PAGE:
Behavioral interviewing tells us a lot about a person â€“ especially their perceptions of themselves, their actions and experiences. In a behavioral interview, the interviewer asks probing questions and the way they are answered can often be the best way to predict a candidate’s future job performance. In other words, what you see and hear is a sort of preview of upcoming attractions.
Questions are framed to uncover and understand the candidate’s past job behavior, work experience, intellectual capacity, interpersonal skills and what motivates them. Itâ€™s difficult for a candidate to avoid answering as each question is designed to be open-ended, and a simple â€œyesâ€ or â€œnoâ€ just wonâ€™t do.
Believe it or not, there are self-perceived ‘perfect candidates’ lurking amongst us. These are the candidates that canâ€™t seem to recall anything that would portray them as less than perfect. Really? That would be correct. These candidates attempt to strategically dodge each and every question, often never admitting to any mistakes they have made or incorrect actions they took. Itâ€™s not realistic nor believable for anyone to not have the self awareness to admit that they have made mistakes during their career. Letâ€™s face it â€“ thatâ€™s how many of us learn. Stepping up to the plate and admitting a shortcoming or bad decision shows that yes, you are human, you made a mistake and grew from that experience. Itâ€™s ok.
In behavioral-based interviewing the candidate is often asked how to describe an activity that centers around their experience, technical capability, leadership/management skills, analytical skills, interpersonal/writing skills and other critical areas important to the role they are seeking.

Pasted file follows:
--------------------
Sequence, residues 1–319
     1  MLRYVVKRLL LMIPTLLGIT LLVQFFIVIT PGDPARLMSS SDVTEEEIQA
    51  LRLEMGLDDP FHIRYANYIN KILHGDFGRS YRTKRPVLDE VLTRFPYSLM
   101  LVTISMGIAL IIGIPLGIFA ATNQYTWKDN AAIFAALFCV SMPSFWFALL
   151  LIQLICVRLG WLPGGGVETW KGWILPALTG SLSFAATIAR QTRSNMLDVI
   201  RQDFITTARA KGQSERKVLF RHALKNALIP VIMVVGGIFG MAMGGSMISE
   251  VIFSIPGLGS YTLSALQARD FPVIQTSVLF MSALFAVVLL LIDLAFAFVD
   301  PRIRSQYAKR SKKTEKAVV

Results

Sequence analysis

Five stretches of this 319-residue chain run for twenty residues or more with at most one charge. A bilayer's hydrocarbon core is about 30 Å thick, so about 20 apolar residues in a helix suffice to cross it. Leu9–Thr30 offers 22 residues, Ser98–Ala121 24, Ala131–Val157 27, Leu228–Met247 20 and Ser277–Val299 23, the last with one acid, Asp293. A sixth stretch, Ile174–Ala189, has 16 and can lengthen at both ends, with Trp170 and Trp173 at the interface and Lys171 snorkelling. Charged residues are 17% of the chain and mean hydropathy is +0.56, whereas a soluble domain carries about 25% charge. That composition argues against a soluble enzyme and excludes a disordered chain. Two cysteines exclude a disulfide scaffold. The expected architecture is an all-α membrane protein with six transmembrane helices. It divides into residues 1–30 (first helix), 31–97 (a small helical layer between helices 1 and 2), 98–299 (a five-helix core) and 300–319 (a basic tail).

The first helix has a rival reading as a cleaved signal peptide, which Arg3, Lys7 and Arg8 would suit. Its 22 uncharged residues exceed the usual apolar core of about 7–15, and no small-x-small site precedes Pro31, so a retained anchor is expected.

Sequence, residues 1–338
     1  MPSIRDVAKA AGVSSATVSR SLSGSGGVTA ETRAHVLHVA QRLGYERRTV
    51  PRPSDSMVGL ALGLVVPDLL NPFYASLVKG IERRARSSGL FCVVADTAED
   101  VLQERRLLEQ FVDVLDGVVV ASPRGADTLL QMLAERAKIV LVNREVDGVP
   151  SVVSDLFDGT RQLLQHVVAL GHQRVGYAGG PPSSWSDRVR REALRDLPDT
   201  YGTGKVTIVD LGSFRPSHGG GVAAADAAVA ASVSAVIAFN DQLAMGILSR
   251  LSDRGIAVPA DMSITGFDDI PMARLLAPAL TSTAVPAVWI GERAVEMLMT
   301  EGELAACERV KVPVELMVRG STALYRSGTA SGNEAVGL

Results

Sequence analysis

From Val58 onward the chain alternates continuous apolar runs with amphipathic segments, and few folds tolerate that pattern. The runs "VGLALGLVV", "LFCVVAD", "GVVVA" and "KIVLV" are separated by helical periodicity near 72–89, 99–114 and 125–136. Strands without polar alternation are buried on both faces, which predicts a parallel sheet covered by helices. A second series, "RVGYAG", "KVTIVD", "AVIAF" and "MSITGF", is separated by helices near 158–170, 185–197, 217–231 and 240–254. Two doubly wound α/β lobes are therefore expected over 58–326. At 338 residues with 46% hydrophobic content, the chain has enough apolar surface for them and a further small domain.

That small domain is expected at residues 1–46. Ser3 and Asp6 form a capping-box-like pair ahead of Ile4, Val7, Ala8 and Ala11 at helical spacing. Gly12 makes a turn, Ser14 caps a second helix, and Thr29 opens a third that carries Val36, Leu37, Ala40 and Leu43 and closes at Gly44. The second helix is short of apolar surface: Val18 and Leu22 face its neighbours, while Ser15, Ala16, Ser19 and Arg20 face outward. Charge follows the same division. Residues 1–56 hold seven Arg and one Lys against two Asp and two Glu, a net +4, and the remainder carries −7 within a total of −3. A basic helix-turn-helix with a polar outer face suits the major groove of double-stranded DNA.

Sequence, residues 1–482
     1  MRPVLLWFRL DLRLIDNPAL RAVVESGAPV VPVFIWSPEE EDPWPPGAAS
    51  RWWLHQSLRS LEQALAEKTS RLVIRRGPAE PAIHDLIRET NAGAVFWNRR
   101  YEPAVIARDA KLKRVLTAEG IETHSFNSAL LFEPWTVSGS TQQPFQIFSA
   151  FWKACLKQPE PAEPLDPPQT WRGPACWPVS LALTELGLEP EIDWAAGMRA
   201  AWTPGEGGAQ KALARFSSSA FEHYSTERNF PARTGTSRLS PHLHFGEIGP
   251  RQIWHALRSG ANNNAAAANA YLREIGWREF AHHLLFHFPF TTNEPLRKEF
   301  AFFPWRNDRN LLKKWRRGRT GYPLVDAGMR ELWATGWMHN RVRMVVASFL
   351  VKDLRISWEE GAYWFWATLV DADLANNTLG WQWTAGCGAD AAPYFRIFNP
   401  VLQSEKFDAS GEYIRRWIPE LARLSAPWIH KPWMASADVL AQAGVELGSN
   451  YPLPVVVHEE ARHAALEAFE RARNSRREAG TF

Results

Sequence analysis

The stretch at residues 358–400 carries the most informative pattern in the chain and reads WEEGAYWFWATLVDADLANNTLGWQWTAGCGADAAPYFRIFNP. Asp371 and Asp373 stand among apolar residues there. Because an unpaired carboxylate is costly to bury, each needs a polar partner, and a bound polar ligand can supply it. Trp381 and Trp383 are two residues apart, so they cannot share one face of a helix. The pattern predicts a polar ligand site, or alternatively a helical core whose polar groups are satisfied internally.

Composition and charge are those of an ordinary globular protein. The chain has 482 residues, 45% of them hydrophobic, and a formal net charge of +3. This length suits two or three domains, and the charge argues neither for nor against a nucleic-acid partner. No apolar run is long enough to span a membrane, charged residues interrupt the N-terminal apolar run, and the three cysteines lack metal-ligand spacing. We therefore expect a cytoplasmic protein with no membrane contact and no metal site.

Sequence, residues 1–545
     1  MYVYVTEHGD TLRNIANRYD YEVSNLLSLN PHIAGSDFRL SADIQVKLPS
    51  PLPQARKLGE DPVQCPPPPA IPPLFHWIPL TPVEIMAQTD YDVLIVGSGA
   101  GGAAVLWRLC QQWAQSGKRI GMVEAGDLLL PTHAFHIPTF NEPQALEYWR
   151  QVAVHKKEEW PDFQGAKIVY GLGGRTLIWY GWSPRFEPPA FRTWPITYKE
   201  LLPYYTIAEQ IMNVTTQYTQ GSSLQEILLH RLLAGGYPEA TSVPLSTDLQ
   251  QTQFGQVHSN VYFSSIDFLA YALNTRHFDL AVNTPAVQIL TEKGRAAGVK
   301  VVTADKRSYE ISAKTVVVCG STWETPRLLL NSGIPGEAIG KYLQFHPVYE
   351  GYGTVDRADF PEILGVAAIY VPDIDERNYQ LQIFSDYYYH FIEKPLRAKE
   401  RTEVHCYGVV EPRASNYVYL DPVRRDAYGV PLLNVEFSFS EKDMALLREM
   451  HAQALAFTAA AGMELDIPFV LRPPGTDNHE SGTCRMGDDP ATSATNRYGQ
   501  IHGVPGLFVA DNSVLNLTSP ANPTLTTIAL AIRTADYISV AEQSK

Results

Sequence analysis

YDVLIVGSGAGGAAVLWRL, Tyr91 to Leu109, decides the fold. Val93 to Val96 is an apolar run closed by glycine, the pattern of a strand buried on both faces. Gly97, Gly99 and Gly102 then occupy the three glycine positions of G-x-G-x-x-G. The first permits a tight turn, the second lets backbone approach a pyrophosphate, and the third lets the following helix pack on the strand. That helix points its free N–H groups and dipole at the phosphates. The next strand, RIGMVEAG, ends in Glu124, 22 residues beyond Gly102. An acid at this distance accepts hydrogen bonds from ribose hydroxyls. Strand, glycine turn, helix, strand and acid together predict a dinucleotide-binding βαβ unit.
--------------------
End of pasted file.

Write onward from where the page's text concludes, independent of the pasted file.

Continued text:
I challenge you to prepare and practice examples of moments during your career where you know you made mistakes. Donâ€™t try to â€œreach for an answerâ€ during an interview. It comes across disingenuous and downright phony, and can also disqualify your candidacy.
Develop the answers now so you will be prepared for questions like the ones noted below:
Tell me about a time when you had to take the initiative and drive a project for your team that was not going well. How did you use that experience to coach and mentor?
Tell me about a time when you had to deal with a difficult provider during an implementation. How did you handle the situation and what was the result?
Give me an example of a challenge you faced in your current role and elaborate on how you solved it.
Tell me about a time when you had to handle a very difficult leadership situation. What did you do?
Give me an example regarding a conflict with a coworker and how you resolved it.
While these are not rocket-science questions, they deserve genuine and honest answers to help demonstrate your value to an organization that may be placing high bets on you and the future of the establishment.
Listen to the question, pause and think about the answer for a few seconds. Be yourself â€“ be honest and above all â€“ donâ€™t candy coat the answer. We are all human.